1. Students are not allowed to use others account
You'd be hard pressed to force the students to not share authentication credentials with each other, unless you go with something like biometrics. Even physical tokens can be passed from one person to another. Alas, you essentially cannot guarantee this.
2. I need to make sure all of them logged in
You can make sure that each account was logged in to using something like
last -n1 | grep 'still logged in'. Process accounting might also be a workable approach, depending on what your specific needs are.
3. They need to get access to the shell only
That wouldn't be particularly useful, since it implies that they cannot do something as trivial as getting a directory listing (
/bin/ls), an editor, writing text to a file (
/bin/cat - > filename), try their solutions at the programming assignments you give them (which implies executing an interpreter, or a compiler, linker and the final executable).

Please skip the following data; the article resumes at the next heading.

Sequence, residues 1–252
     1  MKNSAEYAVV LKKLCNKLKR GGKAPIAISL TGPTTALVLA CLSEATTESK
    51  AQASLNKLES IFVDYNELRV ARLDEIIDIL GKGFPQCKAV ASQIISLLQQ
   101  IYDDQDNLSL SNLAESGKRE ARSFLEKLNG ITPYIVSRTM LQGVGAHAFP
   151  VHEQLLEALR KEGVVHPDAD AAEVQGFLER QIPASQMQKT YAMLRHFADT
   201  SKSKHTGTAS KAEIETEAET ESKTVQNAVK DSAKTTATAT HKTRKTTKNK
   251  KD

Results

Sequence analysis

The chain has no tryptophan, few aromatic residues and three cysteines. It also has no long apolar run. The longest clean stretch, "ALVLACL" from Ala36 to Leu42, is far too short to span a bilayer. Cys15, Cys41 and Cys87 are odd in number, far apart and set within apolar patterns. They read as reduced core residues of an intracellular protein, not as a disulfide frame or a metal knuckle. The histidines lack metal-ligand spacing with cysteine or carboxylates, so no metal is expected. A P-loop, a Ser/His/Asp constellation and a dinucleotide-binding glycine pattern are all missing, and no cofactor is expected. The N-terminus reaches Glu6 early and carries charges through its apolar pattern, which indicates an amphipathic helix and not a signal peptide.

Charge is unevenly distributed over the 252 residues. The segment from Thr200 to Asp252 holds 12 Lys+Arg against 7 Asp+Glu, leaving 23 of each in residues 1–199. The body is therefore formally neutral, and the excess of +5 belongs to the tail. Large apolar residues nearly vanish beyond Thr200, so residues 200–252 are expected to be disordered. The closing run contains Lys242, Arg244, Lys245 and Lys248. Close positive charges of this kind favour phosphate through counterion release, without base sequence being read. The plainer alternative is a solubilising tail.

What about your environment precludes the possibility of just giving each student a normal user account with access to standard tools? If you don't want a GUI on the system, you can either choose to not install X, or provide only unprivileged SSH access with X forwarding disabled. But if your goal is to restrict e.g. web access, do note that there are quite a few text-based web browsers available, and if sufficiently motivated, one can bootstrap such a process using relatively trivial software using readily available (and often required) modules.